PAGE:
VEGAN POZOLE VERDE SOUP (Green Posole Soup)
Here’s an album I thought you might enjoy while cooking this recipe ?
Pozole is a soup that is traditional to Mexico, and has been known throughout central America since the pre-Columbian era. It consists of hominy and meat – usually pork or chicken – in a savory broth, and is traditionally served with garnishes of onion, chile peppers, lime, and sometimes greens such as lettuce, cabbage or cilantro.
This non-traditional version leaves out the meat and replaces it with protein-rich pinto beans. Like the original, my vegan pozole features tender hominy cooked in a tart & spicy broth made with tomatillos, lime & garlic. The broth is mouthwatering, and the heartiness of the hominy & beans makes it every bit as satisfying as the original!
Tomatillo + “little tomato’…right?
Yep, that would be the translation – BUT, it’s misleading. While they are both part of the nightshade family, tomatillos are not tomatoes at all! Tomatillos are more similar to gooseberries than to tomatoes!
From a cooking and eating perspective, tomatillos have a tarter flavor, adding more acid to a dish than an equal amount of tomatoes. Tomatillos also have firmer flesh and less juice than tomatoes. Finally, tomatillos have a papery husk that needs to be removed, exposing a firm, green skin with a sticky film that needs to be rinsed off before cooking.
Gather your ingredients!
I always recommend that you take a few moments to read the recipe carefully and gather all of the ingredients you’ll need before you begin cooking.
The ingredients for vegan pozole verde are actually quite simple! I don’t usually keep hominy or tomatillos in my panty, but everything else can be found in a lot of kitchens already!
This dish is also very affordable, with very inexpensive staples and a few simple fresh vegetables that will cost pennies!
Prepping the tomatillos
Start by removing the papery husk from the outsides of your tomatillos. You’ll notice that the skin underneath has a sticky surface. You’ll need to rinse that off before cooking, as it has a bitter flavor. Just run the husk-less tomatillos under water and rub with your hands. It’s OK to use a tiny bit of dish soap if the residue doesn’t want to rinse away. Just be sure you rinse it off very carefully!
Once you have your tomatillos cleaned, use a small paring knife to cut the stem out of each one. This isn’t 100% necessary, but I find that the woody stem isn’t great to chew. Literally, all the rest of the flesh is great, so only take out a tiny bit around the stem.
Next, cut the tomatillos into pieces that are around ¾”. They will break down in the soup, but it’s good to start with pieces that would easily fit in a spoonful.
A huge number of dishes begin with cooking flavorful ingredients like garlic, onions, and spices before adding bulk in the form of broth, grains, or meats. These types of ingredients are referred to as ‘aromatics’ for the flavors and aromas they release into the dish.
The combination of onions, carrots, and celery common in French cooking is known as ‘mirepoix’. In cajun cuisine, many dishes begin with the “holy trinity’ of onions, celery, and green bell pepper. (see also: sofrito, suppengrün)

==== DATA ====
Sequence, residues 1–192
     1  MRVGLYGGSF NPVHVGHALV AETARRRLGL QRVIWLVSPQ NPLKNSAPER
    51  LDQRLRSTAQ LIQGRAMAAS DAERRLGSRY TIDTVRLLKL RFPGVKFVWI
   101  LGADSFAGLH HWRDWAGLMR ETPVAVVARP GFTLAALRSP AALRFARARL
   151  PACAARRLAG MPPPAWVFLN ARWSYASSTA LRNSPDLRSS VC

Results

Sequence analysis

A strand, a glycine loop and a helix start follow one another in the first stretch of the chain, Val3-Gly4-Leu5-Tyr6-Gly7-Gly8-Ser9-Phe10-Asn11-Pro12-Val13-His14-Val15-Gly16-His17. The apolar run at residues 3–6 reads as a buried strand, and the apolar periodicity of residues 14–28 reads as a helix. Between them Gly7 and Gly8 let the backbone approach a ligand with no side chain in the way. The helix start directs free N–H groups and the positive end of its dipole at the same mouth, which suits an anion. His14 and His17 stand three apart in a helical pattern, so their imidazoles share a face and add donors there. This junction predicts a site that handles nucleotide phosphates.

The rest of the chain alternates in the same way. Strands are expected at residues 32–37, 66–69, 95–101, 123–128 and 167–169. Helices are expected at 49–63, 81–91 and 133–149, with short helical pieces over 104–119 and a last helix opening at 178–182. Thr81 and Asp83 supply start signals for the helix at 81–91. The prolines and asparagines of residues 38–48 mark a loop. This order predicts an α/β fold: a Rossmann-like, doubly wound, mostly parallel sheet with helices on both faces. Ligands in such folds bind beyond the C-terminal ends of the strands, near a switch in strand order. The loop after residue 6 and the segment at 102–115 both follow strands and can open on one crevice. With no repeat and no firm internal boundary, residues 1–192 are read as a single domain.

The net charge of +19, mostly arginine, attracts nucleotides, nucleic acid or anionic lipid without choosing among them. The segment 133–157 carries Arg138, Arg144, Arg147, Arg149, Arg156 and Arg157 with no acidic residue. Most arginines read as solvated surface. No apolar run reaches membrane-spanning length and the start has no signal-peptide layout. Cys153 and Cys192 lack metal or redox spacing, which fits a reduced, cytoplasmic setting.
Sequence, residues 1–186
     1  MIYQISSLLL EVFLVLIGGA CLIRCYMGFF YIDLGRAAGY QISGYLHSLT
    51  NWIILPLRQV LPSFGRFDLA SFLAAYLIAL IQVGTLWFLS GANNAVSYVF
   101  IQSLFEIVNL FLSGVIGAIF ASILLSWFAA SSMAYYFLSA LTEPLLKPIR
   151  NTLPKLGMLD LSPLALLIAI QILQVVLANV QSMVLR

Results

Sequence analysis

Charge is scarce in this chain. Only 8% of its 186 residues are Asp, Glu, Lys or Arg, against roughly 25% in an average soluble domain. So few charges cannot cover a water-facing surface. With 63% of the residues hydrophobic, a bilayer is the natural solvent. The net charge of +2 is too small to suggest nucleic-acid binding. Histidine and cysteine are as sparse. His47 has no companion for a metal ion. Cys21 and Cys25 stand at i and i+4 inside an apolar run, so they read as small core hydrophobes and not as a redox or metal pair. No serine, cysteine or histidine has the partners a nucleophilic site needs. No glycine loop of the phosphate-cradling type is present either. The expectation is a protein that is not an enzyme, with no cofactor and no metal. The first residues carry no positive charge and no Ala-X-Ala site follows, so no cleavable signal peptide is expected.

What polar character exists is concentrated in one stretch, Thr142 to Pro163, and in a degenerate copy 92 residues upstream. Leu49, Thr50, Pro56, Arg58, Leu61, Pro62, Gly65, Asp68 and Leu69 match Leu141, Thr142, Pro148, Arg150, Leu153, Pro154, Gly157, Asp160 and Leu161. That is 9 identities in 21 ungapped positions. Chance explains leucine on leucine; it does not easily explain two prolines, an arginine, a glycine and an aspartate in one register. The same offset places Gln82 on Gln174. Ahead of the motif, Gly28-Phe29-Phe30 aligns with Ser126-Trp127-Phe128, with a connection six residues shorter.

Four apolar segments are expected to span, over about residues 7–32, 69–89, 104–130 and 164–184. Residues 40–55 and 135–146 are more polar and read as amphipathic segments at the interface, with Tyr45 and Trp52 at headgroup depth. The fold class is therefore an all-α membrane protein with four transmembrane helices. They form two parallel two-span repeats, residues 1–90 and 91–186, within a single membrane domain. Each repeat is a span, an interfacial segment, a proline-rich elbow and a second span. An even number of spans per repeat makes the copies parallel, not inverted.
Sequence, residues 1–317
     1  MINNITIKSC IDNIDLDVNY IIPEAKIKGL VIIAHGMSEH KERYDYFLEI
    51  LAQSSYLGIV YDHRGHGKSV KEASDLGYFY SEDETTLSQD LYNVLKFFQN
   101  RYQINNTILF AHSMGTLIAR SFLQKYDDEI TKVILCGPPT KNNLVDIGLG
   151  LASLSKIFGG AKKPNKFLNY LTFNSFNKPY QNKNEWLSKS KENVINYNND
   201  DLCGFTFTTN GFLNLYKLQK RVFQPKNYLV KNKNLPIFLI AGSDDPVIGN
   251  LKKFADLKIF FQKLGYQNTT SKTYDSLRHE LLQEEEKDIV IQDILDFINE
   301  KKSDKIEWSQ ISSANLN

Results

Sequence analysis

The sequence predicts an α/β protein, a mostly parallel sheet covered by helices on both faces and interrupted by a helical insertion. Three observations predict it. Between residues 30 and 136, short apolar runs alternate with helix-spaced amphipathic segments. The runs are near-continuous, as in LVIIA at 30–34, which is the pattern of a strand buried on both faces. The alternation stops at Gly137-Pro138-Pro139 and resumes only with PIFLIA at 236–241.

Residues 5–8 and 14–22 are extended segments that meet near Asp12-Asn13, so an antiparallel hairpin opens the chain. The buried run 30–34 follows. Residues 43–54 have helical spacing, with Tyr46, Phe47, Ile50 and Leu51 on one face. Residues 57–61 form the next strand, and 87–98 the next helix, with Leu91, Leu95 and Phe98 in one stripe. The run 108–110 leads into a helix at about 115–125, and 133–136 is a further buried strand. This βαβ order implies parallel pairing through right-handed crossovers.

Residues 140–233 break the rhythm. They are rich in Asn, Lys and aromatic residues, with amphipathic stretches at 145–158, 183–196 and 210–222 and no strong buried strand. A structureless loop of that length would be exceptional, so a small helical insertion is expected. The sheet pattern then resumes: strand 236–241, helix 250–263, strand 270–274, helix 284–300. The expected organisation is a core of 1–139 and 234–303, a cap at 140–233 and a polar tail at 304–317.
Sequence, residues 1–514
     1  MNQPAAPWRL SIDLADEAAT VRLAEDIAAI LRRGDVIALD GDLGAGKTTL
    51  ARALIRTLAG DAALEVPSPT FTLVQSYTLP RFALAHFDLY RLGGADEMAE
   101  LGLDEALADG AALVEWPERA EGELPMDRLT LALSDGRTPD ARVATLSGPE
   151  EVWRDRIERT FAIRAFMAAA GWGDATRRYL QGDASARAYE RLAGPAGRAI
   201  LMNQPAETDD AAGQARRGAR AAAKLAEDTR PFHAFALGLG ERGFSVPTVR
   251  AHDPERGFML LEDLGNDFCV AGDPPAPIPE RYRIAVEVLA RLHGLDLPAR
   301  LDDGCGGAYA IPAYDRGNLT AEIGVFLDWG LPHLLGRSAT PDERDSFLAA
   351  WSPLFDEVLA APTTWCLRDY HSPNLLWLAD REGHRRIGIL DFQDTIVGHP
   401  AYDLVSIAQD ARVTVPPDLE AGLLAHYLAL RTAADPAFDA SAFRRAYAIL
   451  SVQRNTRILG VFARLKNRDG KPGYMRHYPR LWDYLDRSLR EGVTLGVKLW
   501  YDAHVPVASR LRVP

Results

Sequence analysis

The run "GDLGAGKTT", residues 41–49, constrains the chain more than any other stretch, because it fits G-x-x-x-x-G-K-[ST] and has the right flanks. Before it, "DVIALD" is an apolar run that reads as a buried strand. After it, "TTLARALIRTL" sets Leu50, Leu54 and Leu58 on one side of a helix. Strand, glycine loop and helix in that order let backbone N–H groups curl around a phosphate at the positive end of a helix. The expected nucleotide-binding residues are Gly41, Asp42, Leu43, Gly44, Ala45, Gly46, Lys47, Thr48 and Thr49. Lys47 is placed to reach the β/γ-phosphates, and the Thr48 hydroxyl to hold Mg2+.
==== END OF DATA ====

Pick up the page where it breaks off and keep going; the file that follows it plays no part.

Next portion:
We’ll be using a combination of onions, garlic, chile peppers, and spices to form the base of our vegan pozole verde. Chop these to the size you like – I like to cut the garlic and peppers fairly small to melt away in the broth a bit, but I like the onions to stay a bit bigger so they’ll stay ‘present’ in the finished soup.
When I’m starting the foundation fo a dish with aromatics, I try to stagger them by how they cook. Onions have some water content and can stand a bit more heat – so they go in first.
It’s best to avoid cooking garlic at too high a temperature for too long. Garlic can burn easily and become very bitter!
For my vegan pozole verde, I give the onions a few minutes head start, before adding the garlic, peppers, and spices.
Which peppers to use?
I’m using Fresno chiles, because they are by far my favorites! They have a nice, medium heat level, and their flavor is tart, floral, and a bit fruity. I find them so much more interesting than jalapeños, but you can use whatever chile meets your flavor and heat preferences. You could substitute a jalapeño with great results and a similar heat level.
Love spicy? Try bumping up to the slightly hotter Serrano, or the much-hotter habanero.
Hate spicy? Use a milder anaheim or poblano chile, or leave it out entirely!
Add the rest!
Once you have cooked the garlic & spices for a minute or two, it’s time to add the rest of the ingredients to your vegan pozole verde. Just hold the cilantro & lime juice to add at the end!
Simmer down, now!
Stir everything to combine ell, and let the soup come up to a gentle boil. Then, reduce the heat to low and let the soup simmer for 30 minutes. Give it a stir every few minutes.
After 30 minutes of simmering, remove the pot from the heat and add the cilantro and lime juice. The reason we are adding these so late is that we want the fresh notes of the cilantro and the bright acidity of the lime, Adding these earlier in the process will make these flavors dull!
I like to garnish with diced chiles, a wedge of lime and a bit more cilantro. Here are some other possibilities for garnishes!
- Toasted pepitas
- Cilantro-lime sour cream (not vegan)
- Crumbled cotija cheese (not vegan)